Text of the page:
Lights, Camera, Politics

Democratic government has its fair share of drawbacks, and perhaps none of these contributes to dysfunction so much as the constant pressure re-election exerts on the minds of politicians. Desirous of retaining their influence and position, the temptation to use voting power as a lever and extort kickbacks for interest groups in constituencies who are powerful enough to sway electoral outcomes overpowers whatever duty a politician has towards the drafting of well-grounded public policy.

Constant monitoring of Congressional goings-on by C-SPAN, the dramatism of 24/7 cable news coverage and pressure exerted by single-interest groups who use oversight as an excuse for excoriating politicians who run afoul of their ideas as to how they ought to vote does nothing to dissipate any of the freneticism of modern politics.

The result is a political ethic that emphasizes action. Voters demand their representatives do something to address a bevy of issues. Egged on in part by the attention histrionics and provocative oratory draw from media, politicians are happy to oblige. At the very least, the soundbites that can be culled from exhortative demands for movement create the illusion that Politician X is exhausting himself trying to get things done for the people but is stymied by the indifference of an otherwise largely nameless, faceless government.

The folly of this behavior is evidenced in the internecine Republican squabbling that arose from the latest government funding continuing resolution debacle. Rand Paul’s (R-KY) decision to stymie the Senate’s efforts to push forward a vote that would have prevented the albeit brief shutdown was ultimately criticized for its inability to produce a result.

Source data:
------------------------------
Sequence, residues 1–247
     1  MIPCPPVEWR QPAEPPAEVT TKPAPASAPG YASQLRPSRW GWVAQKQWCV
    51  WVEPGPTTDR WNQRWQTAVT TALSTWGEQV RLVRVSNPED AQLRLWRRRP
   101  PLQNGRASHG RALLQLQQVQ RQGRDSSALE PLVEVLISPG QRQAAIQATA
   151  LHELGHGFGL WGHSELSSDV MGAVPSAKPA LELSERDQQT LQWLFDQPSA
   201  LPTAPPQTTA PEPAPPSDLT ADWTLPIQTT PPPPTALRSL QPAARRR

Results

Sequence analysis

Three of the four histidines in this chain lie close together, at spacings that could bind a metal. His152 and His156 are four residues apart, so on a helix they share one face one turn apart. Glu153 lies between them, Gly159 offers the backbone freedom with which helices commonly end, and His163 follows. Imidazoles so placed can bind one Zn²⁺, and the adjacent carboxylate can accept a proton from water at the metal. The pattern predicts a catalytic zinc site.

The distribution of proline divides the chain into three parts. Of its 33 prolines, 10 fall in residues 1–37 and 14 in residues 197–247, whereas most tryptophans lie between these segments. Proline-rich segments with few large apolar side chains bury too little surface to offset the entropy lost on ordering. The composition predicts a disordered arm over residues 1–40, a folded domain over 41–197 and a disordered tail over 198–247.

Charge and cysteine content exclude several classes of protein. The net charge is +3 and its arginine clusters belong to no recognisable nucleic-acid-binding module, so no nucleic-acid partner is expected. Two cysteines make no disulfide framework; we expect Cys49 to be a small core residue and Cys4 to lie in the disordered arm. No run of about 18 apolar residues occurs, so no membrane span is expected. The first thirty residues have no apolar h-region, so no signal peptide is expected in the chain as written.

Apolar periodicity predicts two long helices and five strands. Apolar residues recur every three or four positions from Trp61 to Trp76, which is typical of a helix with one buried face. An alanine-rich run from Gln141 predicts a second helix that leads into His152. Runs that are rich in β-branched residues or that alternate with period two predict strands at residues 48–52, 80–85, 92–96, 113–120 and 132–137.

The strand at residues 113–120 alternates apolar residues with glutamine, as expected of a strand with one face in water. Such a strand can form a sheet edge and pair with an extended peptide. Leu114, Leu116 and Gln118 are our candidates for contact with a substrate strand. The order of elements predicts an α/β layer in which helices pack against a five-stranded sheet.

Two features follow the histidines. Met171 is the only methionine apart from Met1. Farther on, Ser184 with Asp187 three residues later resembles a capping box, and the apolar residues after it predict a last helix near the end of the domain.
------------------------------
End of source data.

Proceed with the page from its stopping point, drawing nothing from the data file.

John Thune (R-SD) called Paul’s actions a “colossal waste of everyone’s time” and told reporters, “Well, he never gets a result.” John Cornyn (R-TX) echoed these sentiments in his criticism of Paul, saying “The outcome is going to be precisely the same.”

If the metric for political undertakings is assured success, then the platform of legitimacy which minority parties have in America is all but eroded. Often, those who dissent from the majority, are well aware of the futility of their cause; they persist for a number of reasons — loyalty to an underrepresented constituency, perhaps, or simple intransigence where principles are concerned. Lest this latter reason be brushed off as unrealistic quixoticism, it must be remembered that primaries trend towards groups with more developed ideological positions. Denigrating those, like Paul, who stand firm in do-or-die situations can undermine political efficacy and contribute to sentiments, such as were captured by the Tea Party or the Resistance movement, that politics is oligarchic and rudderless.

What’s more, the emphasis modern politics places on the end result flies in the face of limited government. The will of the majority is no more allowed to prevail at every opportunity than the will of majority is allowed to stand in its way. It is through dialogue, and consideration of what government, properly constrained, has the power to do, that policy is slowly and laboriously crafted. The emphasis should not be on quantity, or the mere hollow freneticism of action, but on quality.

Politicians like Rand Paul might act as provocateurs, but this does not mean they are wholly lacking legitimacy. Paul, like Thune and Cornyn, is an elected official and therefore has the prerogative to behave in whatever manner he thinks best represents the interests of his constituents. Thune and Cornyn have this same prerogative. They are bound to come into conflict with others in the chamber, but neither the fact that they are in the majority nor the idea that Paul is a barrier to action should sanction hostility.


Originally published at The Politics of Discretion.

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